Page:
It is no secret that divorce and contested child custody matters can be emotionally draining and contentious. Couples at odds with each other may see routine parts of the legal process in divorce as hostile acts. Being served with discovery is one of them. While being asked to answer questions may make you furious, it is important to understand what a party is entitled to know for the under the Texas Rules of Evidence.
This post will provide a few examples.
Financial information – Yes, your ex may already know how much money you make through your employment (if you are a w-2 employee), but their counsel is entitled to have documentation of your earnings. The same reasoning applies to businesses and investments you may have at the time of the divorce.
Communications with love interests – While you may not want to reveal your indiscretions because of personal embarrassment or a reluctance to rub salt in an ex’s wounds, this information may be relevant in determining whether marital assets were used to support an affair. If this is the case, your share of the marital estate may be altered to account for misused funds.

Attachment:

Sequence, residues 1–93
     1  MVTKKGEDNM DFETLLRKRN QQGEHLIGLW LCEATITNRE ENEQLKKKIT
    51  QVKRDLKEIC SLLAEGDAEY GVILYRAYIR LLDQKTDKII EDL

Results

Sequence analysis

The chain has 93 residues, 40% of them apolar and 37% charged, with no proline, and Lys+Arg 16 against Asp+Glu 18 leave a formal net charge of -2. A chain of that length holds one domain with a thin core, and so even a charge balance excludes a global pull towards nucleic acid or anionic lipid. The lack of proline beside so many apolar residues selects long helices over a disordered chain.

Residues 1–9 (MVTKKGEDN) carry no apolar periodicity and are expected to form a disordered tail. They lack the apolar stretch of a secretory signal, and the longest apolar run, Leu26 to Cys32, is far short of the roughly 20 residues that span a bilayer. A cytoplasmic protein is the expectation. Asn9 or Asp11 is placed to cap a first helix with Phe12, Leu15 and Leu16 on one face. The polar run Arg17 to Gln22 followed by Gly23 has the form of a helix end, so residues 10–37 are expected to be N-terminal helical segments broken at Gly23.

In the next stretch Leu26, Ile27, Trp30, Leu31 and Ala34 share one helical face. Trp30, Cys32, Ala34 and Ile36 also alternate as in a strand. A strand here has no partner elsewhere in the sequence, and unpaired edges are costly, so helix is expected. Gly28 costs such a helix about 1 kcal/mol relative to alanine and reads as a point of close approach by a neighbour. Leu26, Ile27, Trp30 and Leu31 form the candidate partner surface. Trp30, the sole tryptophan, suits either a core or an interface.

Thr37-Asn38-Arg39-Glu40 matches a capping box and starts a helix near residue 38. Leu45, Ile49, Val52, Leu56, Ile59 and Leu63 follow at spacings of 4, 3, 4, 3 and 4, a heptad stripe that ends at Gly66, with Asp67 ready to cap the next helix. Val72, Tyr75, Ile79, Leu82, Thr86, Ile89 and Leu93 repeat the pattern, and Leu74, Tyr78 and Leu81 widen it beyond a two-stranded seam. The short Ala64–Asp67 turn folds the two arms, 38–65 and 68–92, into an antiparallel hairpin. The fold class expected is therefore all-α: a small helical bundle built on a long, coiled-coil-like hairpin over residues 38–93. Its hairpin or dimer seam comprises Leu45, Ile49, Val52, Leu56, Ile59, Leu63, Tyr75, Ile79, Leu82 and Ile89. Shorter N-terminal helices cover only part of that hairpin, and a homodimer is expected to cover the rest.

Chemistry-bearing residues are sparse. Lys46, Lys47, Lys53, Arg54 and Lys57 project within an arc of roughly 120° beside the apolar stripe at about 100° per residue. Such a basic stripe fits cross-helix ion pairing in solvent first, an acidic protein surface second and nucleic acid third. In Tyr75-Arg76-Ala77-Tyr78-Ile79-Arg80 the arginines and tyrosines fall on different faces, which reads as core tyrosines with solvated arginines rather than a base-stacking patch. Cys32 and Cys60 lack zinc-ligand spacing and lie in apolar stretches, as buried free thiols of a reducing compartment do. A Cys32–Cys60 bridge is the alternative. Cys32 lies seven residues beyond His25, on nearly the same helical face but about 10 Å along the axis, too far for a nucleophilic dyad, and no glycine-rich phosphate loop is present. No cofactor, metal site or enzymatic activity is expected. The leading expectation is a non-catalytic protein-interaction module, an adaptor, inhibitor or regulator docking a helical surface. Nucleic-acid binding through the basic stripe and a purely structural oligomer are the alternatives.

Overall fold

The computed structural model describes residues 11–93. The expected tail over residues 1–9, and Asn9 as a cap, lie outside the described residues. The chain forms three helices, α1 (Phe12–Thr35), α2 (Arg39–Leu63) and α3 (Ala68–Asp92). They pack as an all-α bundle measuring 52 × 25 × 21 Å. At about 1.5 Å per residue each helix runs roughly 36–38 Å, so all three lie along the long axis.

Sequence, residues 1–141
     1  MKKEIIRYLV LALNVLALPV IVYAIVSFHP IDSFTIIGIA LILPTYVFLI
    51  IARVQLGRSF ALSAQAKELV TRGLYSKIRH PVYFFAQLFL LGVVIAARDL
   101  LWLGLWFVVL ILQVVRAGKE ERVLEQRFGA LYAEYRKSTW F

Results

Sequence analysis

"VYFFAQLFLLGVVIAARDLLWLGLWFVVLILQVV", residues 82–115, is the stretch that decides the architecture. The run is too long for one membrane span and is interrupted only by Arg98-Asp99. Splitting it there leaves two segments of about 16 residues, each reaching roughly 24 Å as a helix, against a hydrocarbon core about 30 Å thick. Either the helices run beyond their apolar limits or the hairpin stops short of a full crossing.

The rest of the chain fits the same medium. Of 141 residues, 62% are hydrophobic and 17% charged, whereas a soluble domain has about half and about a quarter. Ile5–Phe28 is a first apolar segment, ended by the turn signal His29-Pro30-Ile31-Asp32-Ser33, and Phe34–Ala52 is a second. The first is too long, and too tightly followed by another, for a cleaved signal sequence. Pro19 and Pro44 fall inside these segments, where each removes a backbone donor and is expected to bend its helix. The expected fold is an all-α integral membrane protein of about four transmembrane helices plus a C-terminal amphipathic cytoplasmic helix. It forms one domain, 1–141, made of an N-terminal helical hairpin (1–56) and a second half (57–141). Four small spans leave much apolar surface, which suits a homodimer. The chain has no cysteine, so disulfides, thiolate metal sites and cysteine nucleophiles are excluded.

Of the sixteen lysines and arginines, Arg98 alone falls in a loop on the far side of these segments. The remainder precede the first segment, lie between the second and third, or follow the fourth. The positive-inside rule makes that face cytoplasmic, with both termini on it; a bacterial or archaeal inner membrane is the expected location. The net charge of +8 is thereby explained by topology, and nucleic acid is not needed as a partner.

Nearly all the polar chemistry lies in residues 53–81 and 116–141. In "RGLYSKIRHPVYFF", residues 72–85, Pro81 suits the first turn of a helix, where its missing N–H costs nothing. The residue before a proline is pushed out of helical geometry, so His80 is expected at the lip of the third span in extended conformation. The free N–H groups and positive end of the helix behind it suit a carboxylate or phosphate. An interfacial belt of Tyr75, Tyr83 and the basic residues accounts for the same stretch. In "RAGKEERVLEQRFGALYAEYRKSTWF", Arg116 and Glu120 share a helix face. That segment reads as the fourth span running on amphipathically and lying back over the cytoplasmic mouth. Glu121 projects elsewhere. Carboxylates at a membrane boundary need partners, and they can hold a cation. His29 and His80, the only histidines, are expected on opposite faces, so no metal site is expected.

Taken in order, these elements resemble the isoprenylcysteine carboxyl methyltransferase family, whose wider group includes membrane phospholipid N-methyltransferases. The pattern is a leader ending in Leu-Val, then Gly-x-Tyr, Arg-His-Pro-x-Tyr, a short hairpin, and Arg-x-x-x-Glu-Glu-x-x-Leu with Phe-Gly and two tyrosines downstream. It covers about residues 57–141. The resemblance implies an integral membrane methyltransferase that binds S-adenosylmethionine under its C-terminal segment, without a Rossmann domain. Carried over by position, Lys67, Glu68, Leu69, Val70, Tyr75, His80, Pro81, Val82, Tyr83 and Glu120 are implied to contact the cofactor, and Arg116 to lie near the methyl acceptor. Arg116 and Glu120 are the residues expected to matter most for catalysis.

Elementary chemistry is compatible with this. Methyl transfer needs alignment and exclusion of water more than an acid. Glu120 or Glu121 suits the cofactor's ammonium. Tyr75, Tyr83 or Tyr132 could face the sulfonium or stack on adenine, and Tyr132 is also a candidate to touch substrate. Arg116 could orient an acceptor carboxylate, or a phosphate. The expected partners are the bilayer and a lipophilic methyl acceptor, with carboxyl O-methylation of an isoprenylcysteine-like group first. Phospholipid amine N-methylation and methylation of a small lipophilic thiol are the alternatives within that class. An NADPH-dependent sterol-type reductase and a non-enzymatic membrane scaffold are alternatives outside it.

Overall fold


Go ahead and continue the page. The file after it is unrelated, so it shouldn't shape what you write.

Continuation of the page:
Social media posts – Pictures, videos and posts put on Facebook, Snapchat and sent from cell phones are fair game to be discovered. It is particularly important to understand that social media posts are permanent record of what was said at the time it was posted.
If you have questions about discovery during the course of a divorce, an experienced family law attorney can advise you.